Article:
From: Peter Ruest (firstname.lastname@example.org)
Date: Fri Aug 16 2002 - 00:54:33 EDT
having been away for a few weeks, I may have missed some of the
discussion under this heading, so please bear with me if I happen to
repeat some points others may have made already!
Having read the article "15 Answers to Creationist Nonsense" by John
Rennie in Scientific American 287/1 (July 2002), 62-69 (Rennie is Sci
Amer's editor in chief), I first hesitated to retain the term "rant" in
the subject heading, as I have to agree with much of what he has to say.
Yet, on more detailed examination, I saw that his treatment of the topic
is nevertheless quite superficial and not at all up to the objectivity
one should be allowed to expect of a scientist and, particularly, of the
chief editor of a leading scientific journal.
Although the wide spectrum of theists' opinions about creation and
evolution has been known for decades, Rennie, in the usual atheist
manner, keeps throwing all of them together into the same bin. He
rightly insists that science is restricted to methodological naturalism,
but he surreptitiously extends this to ontological naturalism, ruling
out of court any suggestion that science may perhaps never be able to
explain "all there ever was or is or will be". His contempt for YEC
views is understandable, but his haughty manner ("nonsense") of
conflating all criticisms of evolution with YEC is downright repulsive,
particularly if his knowledge of the subject is as superficial as his
article makes it appear.
Rennie also seems to be caught in the god-of-the-gaps myth: "if
something is scientifically explainable, it cannot be done by God". He
falsely claims that belief in a Creator shuts down scientific inquiry.
More specifically, I'd like to refer to his 15 points (I have
abbreviated some of the lead phrases Rennie cites and rejects).
1) "Evolution is only a theory, not a fact or law." Rennie is right in
rejecting this distinction, as it reveals a lack of comprehension. But,
simply referring to the fossil record, he claims evolution to be a
"fact" and "true". At least since the proposal of the punctuated
equilibria, the difficulties of interpreting the fossil record - let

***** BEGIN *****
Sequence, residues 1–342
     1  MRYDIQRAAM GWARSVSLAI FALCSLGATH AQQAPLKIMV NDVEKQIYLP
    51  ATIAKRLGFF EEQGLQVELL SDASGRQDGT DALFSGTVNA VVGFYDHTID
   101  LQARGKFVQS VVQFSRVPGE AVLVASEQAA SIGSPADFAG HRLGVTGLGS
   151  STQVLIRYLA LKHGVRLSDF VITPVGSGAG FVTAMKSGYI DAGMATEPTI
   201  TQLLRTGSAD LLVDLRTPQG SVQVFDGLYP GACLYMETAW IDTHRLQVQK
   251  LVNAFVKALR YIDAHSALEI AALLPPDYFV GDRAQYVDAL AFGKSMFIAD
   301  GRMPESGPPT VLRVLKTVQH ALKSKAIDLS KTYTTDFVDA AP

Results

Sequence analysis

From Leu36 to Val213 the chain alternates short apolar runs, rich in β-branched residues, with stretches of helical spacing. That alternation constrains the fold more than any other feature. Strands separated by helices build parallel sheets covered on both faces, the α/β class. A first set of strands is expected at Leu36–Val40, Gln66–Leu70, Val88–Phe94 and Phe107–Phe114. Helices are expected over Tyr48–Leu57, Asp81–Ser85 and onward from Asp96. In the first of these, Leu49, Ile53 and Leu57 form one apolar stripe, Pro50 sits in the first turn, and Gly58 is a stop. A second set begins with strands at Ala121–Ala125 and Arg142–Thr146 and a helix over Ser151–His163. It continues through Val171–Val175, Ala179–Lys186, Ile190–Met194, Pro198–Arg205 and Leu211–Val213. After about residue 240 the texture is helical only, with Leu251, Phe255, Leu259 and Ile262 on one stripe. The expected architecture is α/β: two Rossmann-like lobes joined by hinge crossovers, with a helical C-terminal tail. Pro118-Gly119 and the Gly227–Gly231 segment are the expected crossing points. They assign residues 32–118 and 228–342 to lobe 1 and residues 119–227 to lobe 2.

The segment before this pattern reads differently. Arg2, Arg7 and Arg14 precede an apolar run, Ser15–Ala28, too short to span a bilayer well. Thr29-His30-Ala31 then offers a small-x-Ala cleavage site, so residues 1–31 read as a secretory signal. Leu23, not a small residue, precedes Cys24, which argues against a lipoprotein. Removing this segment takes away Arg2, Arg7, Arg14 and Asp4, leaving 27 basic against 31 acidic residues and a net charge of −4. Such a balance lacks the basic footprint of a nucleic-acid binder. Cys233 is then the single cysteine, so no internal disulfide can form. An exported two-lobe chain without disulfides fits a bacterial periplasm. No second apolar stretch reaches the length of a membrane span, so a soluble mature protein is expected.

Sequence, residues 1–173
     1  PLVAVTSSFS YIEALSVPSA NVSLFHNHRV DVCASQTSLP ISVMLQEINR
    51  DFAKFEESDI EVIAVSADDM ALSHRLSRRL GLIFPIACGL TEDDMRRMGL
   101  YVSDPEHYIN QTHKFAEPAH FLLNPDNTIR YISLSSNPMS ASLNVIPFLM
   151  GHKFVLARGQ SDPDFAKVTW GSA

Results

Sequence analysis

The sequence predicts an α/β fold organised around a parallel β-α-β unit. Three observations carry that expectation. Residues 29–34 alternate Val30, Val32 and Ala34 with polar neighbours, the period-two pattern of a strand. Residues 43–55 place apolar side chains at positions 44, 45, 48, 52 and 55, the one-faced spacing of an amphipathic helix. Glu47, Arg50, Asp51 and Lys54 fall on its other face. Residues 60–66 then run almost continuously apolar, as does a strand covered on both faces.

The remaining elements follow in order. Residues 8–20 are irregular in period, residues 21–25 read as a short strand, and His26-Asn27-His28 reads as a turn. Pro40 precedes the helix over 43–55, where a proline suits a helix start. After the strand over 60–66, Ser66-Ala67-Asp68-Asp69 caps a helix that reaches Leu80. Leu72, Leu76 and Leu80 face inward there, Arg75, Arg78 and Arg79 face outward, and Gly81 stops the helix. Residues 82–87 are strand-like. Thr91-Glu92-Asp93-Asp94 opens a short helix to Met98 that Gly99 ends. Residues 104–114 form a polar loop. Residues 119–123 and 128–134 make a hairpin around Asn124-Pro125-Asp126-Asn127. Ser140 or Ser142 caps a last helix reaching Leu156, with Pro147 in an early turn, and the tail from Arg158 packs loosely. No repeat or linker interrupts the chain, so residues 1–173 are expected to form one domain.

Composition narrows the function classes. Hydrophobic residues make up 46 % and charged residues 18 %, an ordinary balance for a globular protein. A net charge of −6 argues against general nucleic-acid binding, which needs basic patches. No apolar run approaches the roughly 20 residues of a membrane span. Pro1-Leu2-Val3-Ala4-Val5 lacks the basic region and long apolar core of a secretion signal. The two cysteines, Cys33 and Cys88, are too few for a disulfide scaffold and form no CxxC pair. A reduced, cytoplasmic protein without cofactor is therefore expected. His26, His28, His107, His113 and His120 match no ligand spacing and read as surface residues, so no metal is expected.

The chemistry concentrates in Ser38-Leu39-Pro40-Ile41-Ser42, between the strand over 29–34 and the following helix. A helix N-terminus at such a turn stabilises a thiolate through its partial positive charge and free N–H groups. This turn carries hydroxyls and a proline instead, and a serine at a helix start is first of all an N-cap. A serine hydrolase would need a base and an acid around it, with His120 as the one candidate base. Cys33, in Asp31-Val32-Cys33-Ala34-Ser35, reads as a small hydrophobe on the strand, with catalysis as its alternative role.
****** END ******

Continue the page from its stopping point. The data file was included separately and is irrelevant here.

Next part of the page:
alone proving "the fact of evolution" - should be obvious. On the basis
of his atheist presuppositions, of course, evolution is the only game in
town. On the other hand, I, as a theist, agree that evolution has indeed
happened, although I question its autonomy.
2) "Natural selection is based on circular reasoning: the fittest are
those who survive, and those who survive are deemed the fittest."
Rennie's response involves the beaks of Darwin's finches, i.e.
microevolution which is disputed by no one, and, moreover, which has
been shown to be completely reversible (in the case of the finches'
beaks), not generating any novelty at all. He claims that the fact that
large beaks are better adapted for crushing seeds, no matter what the
outcome of selection, proves that adaptive fitness can be defined
without reference to selection. A rather meager argument. Virtually
always, there are no predictions, but only post-hoc "explanations",
3) "Evolution is unscientific because not testable, not observable, not
repeatable." Rennie is right to dismiss this argument because of the
long ages involved and the uncertainty in the epistemological status of
Popper's falsifyability. He mentions a few fulfilled predictions, but
again, he fails to distinguish between microevolution, which is
completely irrelevant here, and the origin of genuine genetic novelty.
He claims that evolution could be falsified by the spontaneous
generation of a complex life form from inanimate matter, or by
superintelligent aliens claiming to have created life. This is
ridiculous. And he mixes up the very distinct problems of the origin of
life and of the emergence of genetic novelty through darwinian
4) "Increasingly, scientists doubt the truth of evolution." Rennie's
rejection of this claim as untrue is correct. But his claim that the few
"antievolution" papers submitted to leading science journals only deal
with unsolved (technical) problems disputed by no one is not justified.
Manuscripts pointing to philosophical presuppositions of evolutionary
conclusions are generally rejected - theistic presuppositions are
detected in the refereeing process, but not atheistic ones.
5) "Disagreements among evolutionists show how little solid science
supports evolution." Again, Rennie is right in rejecting this.
6) "If humans descend from monkeys, why are there still monkeys?" Rennie
is right in rejecting this silly argument.
7) "Evolution cannot explain the origin of life." This time, Rennie is
awfully weak, talking about aliens and organics found in space, and
makes the blatantly erroneous claim that "biochemists have learned about